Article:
WHAT IS YAN CHA?
One of the three sub-categories of Wu Long, Wu Yi Yan Cha represents the pinnacle of Min Bei (northen Fujian) Wu Long, in which the leaves are heavily roasted to achieve a signature dark and bold aroma and taste. The mantra for Yan Cha is “rock bone and floral fragrance.” While all Wu Longs are floral, the "rock bone" of Yan Cha refers to a highly desired "molten stone" mouth feel. One of the hottest teas in China right now, Yan Cha has one of the widest price swings as well as some of the wildest stories associated with a tea.
WHAT IS DA HONG PAO?
One of the most famous stories associated with Yan Cha is the legend of Da Hong Pao or "Great Red Robe." The story tells the tale of a student who, on his way to the national exam, got sick while in Wu Yi Shan and took shelter at the nowadays Tian Xin Yong Le Temple. The monks in the temple nourished him back to health so he could continue to the capital for the national exam. The student eventually won first place in the national exam, which immediately placed him among the nation’s top elites. When he went back to the temple to thank the monks, he wore a red robe, a garment to show his new status. The monks told him that it was the teas they gave him from the back of the temple that revived him. To show his gratitude, the student went to the tea trees, took off his red robe and put it on the tea trees. This tribute gave those tea trees not only fame, but also the name Da Hong Pao, Great Red Robe. This story is so famous, the name "Da Hong Pao" is very commonly (but mistakenly) used synonymously with Yan Cha.
As widespread as this story is and the many variations of it, there’s actually very little record indicating its truth other than the main character of the story, the student, Ding Xian, did exist and the temple is still a major temple in the area.
Nevertheless, Wu Yi tea does have a very long history of being a tribute tea, and since the Tang Dynasty (618AD – 907AD) people have been raving about tea produced in the region. But similar to the other historically famous teas, we cannot definitively conclude that in those times Wu Yi tea was made in the same style as Yan Cha today. Actually, it is more likely the tea that was made in the region before late Ming Dynasty (1368AD – 1644AD) was green tea, and it was not until the abolition of certain restrictions on tribute teas that Yan Cha as we now know it was first created.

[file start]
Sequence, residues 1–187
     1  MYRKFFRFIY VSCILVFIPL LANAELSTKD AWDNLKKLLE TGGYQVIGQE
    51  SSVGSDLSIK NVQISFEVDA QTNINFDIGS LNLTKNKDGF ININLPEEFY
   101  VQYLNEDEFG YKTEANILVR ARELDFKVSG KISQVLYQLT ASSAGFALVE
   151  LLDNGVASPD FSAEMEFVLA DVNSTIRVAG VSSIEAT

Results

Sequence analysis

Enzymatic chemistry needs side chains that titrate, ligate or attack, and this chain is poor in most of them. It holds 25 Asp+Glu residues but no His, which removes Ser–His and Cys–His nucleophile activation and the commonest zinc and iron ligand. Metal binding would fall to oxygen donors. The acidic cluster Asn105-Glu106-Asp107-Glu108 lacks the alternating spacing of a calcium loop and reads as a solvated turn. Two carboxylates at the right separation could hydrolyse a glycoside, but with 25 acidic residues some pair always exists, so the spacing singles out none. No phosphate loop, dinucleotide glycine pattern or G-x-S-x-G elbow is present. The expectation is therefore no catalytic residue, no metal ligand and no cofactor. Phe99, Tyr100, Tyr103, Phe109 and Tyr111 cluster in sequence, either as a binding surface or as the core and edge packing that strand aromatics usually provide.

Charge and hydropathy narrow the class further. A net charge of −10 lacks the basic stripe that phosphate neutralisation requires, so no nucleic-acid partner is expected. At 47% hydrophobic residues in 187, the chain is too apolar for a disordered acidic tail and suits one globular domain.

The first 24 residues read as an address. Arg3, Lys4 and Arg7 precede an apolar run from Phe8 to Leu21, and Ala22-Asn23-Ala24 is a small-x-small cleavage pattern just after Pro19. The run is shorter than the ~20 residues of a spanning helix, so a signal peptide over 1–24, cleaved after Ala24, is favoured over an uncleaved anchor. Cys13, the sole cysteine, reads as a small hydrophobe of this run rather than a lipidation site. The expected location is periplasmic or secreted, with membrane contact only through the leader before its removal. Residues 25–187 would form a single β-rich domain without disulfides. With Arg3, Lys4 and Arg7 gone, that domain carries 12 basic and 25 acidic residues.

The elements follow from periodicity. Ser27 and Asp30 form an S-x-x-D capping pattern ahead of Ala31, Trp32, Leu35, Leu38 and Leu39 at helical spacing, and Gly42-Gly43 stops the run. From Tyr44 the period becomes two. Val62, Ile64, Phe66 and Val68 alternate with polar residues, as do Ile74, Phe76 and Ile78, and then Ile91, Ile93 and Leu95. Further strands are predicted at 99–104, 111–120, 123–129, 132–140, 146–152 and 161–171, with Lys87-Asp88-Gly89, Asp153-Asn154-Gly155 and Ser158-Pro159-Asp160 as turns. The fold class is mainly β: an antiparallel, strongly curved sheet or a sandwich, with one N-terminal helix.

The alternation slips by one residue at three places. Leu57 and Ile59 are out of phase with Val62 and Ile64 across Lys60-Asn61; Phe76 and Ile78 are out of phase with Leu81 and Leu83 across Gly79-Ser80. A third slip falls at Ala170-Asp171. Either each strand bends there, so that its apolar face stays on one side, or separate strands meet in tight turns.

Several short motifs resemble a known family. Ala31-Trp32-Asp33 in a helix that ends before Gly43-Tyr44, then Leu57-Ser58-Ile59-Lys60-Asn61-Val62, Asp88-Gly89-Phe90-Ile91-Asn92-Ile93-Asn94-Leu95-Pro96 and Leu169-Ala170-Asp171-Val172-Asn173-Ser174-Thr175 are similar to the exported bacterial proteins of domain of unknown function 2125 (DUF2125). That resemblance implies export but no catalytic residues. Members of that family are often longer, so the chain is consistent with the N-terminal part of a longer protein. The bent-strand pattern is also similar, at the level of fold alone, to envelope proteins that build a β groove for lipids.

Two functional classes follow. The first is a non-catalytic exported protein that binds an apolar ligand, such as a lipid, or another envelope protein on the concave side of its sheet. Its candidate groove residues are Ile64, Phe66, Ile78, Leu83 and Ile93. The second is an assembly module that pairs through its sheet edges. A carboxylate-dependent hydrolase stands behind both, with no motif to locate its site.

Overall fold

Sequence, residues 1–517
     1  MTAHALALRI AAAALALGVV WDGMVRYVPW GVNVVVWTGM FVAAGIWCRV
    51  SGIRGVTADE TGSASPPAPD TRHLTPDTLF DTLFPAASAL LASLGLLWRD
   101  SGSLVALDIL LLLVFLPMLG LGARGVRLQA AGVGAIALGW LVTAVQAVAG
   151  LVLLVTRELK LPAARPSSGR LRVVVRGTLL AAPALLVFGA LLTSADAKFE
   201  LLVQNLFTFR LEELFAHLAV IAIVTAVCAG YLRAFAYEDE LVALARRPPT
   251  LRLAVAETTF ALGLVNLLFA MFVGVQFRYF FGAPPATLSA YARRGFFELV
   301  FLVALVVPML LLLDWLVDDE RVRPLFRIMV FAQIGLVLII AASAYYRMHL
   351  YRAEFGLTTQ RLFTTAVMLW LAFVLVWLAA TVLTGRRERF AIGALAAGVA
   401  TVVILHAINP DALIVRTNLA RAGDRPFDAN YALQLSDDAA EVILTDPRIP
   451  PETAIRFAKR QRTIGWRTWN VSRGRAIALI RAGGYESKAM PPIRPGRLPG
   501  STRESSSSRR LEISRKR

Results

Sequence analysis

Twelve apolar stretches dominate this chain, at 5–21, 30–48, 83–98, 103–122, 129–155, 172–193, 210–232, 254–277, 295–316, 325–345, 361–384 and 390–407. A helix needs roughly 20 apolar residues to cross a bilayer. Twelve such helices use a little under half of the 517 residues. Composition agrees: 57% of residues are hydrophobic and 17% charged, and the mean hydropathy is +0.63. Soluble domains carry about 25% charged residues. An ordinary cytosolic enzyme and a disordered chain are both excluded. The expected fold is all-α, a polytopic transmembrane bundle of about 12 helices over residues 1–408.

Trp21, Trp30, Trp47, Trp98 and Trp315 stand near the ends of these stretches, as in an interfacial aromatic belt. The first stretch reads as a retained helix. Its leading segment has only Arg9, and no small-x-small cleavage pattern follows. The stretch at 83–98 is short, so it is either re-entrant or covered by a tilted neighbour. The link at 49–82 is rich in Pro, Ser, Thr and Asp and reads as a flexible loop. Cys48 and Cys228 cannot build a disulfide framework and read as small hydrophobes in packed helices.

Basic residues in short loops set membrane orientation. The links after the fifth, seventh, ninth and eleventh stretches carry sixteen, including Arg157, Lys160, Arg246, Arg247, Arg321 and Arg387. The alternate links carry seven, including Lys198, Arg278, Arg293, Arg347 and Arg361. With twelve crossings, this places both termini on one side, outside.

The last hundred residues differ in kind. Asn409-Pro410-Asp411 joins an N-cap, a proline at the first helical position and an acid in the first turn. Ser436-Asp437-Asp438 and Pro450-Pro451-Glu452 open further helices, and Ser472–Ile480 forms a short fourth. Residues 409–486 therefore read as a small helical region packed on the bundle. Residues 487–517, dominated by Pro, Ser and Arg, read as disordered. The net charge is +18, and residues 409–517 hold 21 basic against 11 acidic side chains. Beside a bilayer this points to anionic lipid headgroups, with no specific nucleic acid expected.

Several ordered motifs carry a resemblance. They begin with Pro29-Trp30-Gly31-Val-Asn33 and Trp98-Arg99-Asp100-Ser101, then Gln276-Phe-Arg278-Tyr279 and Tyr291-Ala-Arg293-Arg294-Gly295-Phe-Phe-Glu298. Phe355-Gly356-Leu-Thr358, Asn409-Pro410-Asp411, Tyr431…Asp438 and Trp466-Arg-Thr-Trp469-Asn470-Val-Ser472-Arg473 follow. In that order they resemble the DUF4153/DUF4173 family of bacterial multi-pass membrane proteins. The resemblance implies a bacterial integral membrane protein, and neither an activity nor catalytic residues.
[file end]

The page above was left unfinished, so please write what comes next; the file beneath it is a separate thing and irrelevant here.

Where is Yan Cha from?
One of the most defining factors contributing to Yan Cha’s unique mouth feel is the very rocky terrain, called Danxia Landform, where the teas are grown. Like all historically famous teas in China, the specifics of the locations are meticulously detailed. The word Zheng Yan, which translates to True Cliff, is referring to the core part of the Wu Yi Shan. This core is centered around the ancient Hui Yuan Temple and extends north to Lotus Peak and south to Jiu Qu Xi (Nine-turn Brook), roughly 18 square miles. Due to the popularity of Yan Cha, the True Cliff region has slowly been “expanding” in the past decade, but the most desired lots are still marked by the very small area surrounding Three Pits and Two Creeks.
The Three Pits are:
Niu Lan Keng (Cow Fence Pit)
Hui Yuan Keng (Wisdom Garden Pit)
Dao Shui Keng (Opposite Water Pit)
The Two Creeks are:
Liu Xiang Jian (Flowy Fragrance Creek)
Wu Yuan Jian (Spring of Enlightenment Creek)
Other prominent and very expensive Zheng Yan locations are:
Jiu Long Ke (Nine Dragon Dwelling), where Da Hong Pao is
San Yang Feng (Three Up Peak), hightest peak
Tian Xin Yan (Heavenly Heart Rock)
Xiang Bi Yan (Elephant Trunk Rock)
Zhu Ke (Bamboo Dwelling)
Gui Dong (Ghost Cave)